INVISIBLE WOUNDS - Dignity & Vulnerability

MIGRANTS  Integration & participation

   European Seminar Athens 25-26/2 /2010     EL  FR   IT

H O M E

 SMES-Europa PROFILE

 INFORMATION

 PROGRAM

 WORKSHOPS

 PROCEEDINGS

 PARTICIPANTS

 REGISTRATION form

DOCUMENTS migrants

 VIDEOS migrants

 THEMES of Seminar

 1 Human RIGHTS

 Migrants Detention Camps Right - Legistation - Crime

 2 HEALTH-Mental H.

  Life  Dignity  Health  Migrants  &  Homeless

 3 PARTICIPATION - job

 4 INTEGRATION - HOME

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Consider if this is a man, Who works in the mud

Who dies because of a yes and because of a no  Primo Levi
 
Invitation
to 
NGOs, Associations, Organizations,
involved in work with Migrants and Excluded People


Dear colleagues,

you are kindly invited to participate and contribute to European Seminar “INVISIBLE WOUNDS: migrants integration through welcome, solidarity and participation” that will be held in Athens on 24-26 February 2010.

2010 European Year for combating Poverty and Social exclusion will be a very important opportunity for promotion of new, positive and courageous migration policy, in respect of Dignity and Health - also of undocumented migrants !

Complex and multiple are the express and unexpressed needs of migrants as of homeless. Health and mental health of migrants, respecting their right to health and a dignified life is not one of priorities in European migration policies. Various types of administrative and subjective barriers - concretely - prevent access to public health and social services.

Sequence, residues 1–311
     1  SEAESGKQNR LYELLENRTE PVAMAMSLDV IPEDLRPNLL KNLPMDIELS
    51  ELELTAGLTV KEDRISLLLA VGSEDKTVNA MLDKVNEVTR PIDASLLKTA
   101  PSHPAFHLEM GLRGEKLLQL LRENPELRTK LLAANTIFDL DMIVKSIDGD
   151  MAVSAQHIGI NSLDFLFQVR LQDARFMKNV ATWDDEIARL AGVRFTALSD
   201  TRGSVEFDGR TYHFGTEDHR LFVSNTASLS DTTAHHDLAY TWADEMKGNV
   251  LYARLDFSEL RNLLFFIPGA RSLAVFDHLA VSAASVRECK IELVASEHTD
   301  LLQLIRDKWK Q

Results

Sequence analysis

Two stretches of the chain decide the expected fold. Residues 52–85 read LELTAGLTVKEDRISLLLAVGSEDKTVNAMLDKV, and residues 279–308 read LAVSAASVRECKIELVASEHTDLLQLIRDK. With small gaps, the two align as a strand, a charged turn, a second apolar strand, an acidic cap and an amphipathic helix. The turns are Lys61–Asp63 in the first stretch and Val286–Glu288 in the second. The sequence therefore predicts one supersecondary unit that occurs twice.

The seminar will be a forum for exchange of ideas, experiences and proposals concerning migrants condition and more specifically:  

  1. Human rights and respect for the dignity of migrants: invisible wounds as mental health consequences of the denial of rights;

  2. Health and Mental Health : invisible wounds as a consequence of traumatic experiences, present difficulties and humiliations and absence of hope for the future;

  3. Participation and employment : migrants as a resource for building society and insuring sustainable development. Invisible wounds as mental health consequences of exploitation & trafficking.

  4. Integration home & community : no social cohesion and new multi-ethnic community without respect for diversity;  invisible wounds as mental health consequence of pressure for assimilation.

Many past wounds visible and invisible, are part of the baggage which maim people on their migration paths. They are also the dramatic consequences of arrogant political attitudes towards them, of humiliation, rejection and criminalisation.

Migration can become for Europe today either an inspiring challenge or only a complex social problem.
In this specific forum, where the wounds must find adequate cure & care, we will :

  1. To reflect together on dramatic consequences, wounds, of current European policies on migration – in particular on irregular migration - on mental health of migrants, and also of workers with and for migrants,  and of citizens who live in close contact with migrant communities.

  2. To introduce and evaluate efficient and innovative projects, aiming at a real integration through active participation.